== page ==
The Grasshopper’s Always Greener

improved-grasshopper-crdt-lara-ferroni

This story originally appeared in Issue 55, May/June 2015.

“Drinks like the Grasshopper don’t disappear,” Paul Gustings says over the phone one recent afternoon. “But they do kind of stay in the background until someone says, ‘Oh, you know what? My parents drank those!’ or, ‘I had one I-don’t-know-how-long ago. I’ll have one now!’ ”

These are almost exactly the words I’d used one monsoon-soaked Sunday afternoon in New Orleans last July, while sitting at the long marble bar at Broussard’s, where Gustings tends his trade.

With one meal left to nab before heading to the airport at the tail end of Tales of the Cocktail, my husband Dan and I hit up the recently renovated 1920s French-Creole spot. There, while a trio plucked out tunes on stand-up bass, muted trumpet and banjo, I saw it on the menu, in loopy, elegant script: Improved Grasshopper.

It was, as I would later explain to Mr. Gustings, a drink my parents would make at Easter—its pale-green glow inextricably linked in my memory to the pastel of Paas-dyed eggs, and to the Oreo-crusted frozen Grasshopper pie my mom would make so my sisters and I wouldn’t feel left out—and one I hadn’t tasted for a solid 25 years.

Apparently, I was running behind; the drink has lately been dusted off and riffed upon by some of cocktail culture’s best talents. At Portland, Oregon’s Pépé le Moko, Jeffrey Morgenthaler serves a frosty, Fernet-spiked version; each of Eben Freeman’s delicate-hued offerings at New York’s The Butterfly is 12 hours in the making; and at Seattle’s Canon, Jamie Boudreau adds a dollop of Chartreuse ice cream to the Cocktail Called Irving, and taps a corny joke for the variation’s name. (“A grasshopper walks into a bar and the bartender says, ‘We serve a cocktail here that’s named after you,’ and the grasshopper says, ‘You serve a cocktail called Irving?’ ”)

The unearthing of once-popular cocktails often follows a similar trajectory. It usually begins with a bartender’s curiosity, and results in something—often something deserving—being pulled from the shadows to be burnished and restored.

But while these modern celebrations of the Grasshopper all sound thoroughly delicious, the stubbornness of nostalgia can be as strong as barrel-strength spirit. To me, the Grasshopper is steeped in tones of green-splashed sepia, perhaps a little faded in fashion but still showing its well-worn charm. I wanted the original, the real deal as it circulated in the 1970s (an era that dearly loved the Grasshopper). I wanted the drink my dad would make with a trio of ingredients—green crème de menthe, white crème de cacao, and half-and-half—shaken and strained into a coupe, my mom’s coral-pink lipstick imprinted on the edge. Eyeing the elegant marble bar and Gustings behind it, I wagered that his Grasshopper’s menu-promised improvement would be rooted more in sincerity than modern-mixology sorcery.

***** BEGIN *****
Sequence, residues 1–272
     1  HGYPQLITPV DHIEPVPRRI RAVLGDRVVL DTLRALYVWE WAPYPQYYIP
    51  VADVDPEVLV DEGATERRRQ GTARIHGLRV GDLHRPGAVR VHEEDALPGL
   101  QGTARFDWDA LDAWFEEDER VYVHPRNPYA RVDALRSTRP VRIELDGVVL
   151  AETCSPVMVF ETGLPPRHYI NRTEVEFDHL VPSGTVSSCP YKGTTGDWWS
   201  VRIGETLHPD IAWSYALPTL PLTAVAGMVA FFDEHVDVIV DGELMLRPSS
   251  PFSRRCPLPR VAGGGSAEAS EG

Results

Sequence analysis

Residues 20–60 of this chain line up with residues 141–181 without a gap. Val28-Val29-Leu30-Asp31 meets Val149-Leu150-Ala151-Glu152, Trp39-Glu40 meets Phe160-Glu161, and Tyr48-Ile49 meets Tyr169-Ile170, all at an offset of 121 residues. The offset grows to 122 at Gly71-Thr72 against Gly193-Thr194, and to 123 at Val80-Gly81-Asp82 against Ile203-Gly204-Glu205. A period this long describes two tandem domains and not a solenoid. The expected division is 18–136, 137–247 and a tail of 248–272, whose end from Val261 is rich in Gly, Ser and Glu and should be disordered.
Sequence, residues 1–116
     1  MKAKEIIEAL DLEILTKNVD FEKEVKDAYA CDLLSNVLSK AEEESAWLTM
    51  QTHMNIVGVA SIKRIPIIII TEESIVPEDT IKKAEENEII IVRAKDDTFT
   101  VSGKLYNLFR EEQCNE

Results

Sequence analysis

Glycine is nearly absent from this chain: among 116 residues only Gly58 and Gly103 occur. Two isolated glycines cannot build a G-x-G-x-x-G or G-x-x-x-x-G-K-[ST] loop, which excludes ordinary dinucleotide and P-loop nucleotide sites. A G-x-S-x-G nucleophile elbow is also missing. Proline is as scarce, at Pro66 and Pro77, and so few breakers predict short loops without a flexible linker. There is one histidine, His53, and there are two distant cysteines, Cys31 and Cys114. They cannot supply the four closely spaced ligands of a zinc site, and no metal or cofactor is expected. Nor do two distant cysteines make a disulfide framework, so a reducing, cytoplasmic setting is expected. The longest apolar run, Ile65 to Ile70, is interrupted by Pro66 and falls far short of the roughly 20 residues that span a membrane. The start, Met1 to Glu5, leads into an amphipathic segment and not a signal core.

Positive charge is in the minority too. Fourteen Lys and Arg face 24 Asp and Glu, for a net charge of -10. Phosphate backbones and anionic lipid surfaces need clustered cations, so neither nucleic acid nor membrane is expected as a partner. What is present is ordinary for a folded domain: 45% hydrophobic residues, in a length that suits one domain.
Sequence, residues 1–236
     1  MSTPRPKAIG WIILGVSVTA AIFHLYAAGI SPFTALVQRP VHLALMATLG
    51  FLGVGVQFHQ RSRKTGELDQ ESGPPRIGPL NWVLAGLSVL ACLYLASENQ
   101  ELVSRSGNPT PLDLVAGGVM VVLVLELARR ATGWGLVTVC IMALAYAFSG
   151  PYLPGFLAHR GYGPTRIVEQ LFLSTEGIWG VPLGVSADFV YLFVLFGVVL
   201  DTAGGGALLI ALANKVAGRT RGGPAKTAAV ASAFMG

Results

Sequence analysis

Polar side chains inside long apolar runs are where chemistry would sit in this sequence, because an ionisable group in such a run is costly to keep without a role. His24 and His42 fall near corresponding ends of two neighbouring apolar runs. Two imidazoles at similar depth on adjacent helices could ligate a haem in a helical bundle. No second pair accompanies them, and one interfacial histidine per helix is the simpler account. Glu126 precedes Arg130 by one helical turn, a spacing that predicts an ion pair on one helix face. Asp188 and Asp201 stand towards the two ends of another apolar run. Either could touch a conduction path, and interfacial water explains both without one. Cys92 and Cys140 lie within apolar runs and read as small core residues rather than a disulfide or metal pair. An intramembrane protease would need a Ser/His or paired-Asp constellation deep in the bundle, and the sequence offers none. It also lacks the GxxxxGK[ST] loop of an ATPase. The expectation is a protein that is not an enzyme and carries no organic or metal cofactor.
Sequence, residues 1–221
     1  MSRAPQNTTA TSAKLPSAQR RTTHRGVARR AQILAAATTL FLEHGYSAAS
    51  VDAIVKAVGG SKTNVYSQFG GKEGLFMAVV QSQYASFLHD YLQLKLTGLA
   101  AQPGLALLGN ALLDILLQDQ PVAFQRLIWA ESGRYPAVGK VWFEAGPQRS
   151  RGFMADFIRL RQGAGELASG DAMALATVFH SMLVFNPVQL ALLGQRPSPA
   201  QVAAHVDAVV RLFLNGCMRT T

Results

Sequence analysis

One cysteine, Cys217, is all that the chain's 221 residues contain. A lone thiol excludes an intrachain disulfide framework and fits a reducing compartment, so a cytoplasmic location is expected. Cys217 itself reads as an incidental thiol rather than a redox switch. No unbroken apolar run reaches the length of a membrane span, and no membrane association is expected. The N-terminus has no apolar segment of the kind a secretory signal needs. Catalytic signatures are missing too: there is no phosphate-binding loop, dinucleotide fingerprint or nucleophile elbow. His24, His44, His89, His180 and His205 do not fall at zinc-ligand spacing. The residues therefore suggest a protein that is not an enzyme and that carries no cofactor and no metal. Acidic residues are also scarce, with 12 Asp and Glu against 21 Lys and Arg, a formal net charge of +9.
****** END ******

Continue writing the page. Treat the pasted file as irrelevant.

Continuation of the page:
Gustings is a near 35-year veteran of the New Orleans cocktail scene who spent 15 of those years mixing drinks at Tujague’s, the 160-plus-year-old restaurant and bar from whence the Grasshopper—to anyone’s best traceable recollection—originates. “Philibert Guichet Jr. invented the cocktail for a cocktail competition, possibly as early as 1919 or into the 1920s. That’s who owned Tujague’s, and that’s the story,” says New Orleans–based cocktail historian Elizabeth Pearce, drinks curator at the Southern Food & Beverage Museum and co-author of the French Quarter Drinking Companion. “There’s something really lovely and fun about it; it’s a drink that doesn’t take itself so seriously. It’s a drink that isn’t pretentious—it is, after all, hard to be pretentious when you’re sipping something green.”

After oysters Rockefeller and eggs Sardou, Dan and I stopped at the white-leather bar stools and asked for one last cocktail: a Grasshopper. Gustings nodded. He strode back and forth behind the bar, collecting more than just the expected trio of ingredients. White crème de cacao and dark; green crème de menthe and white; a flash of brandy, a velveteen pour of half-and-half. As he worked, we saw sheets of rain begin to lash the pavement outside, the water rapidly collecting in ever-deepening puddles. “We’ve got to get to the airport—I’m going to try to get us a cab before it’s too late,” my husband said, telling me to meet him out front when I was done.

Gustings pushed in front of me a Nick and Nora glass, curved and pretty, full of the frothy, pale-green concoction, ungarnished and simple. I picked it up and sipped, letting the rain outside wash away everything except the taste of the cool, creamy, minty past.

Click here for the recipe.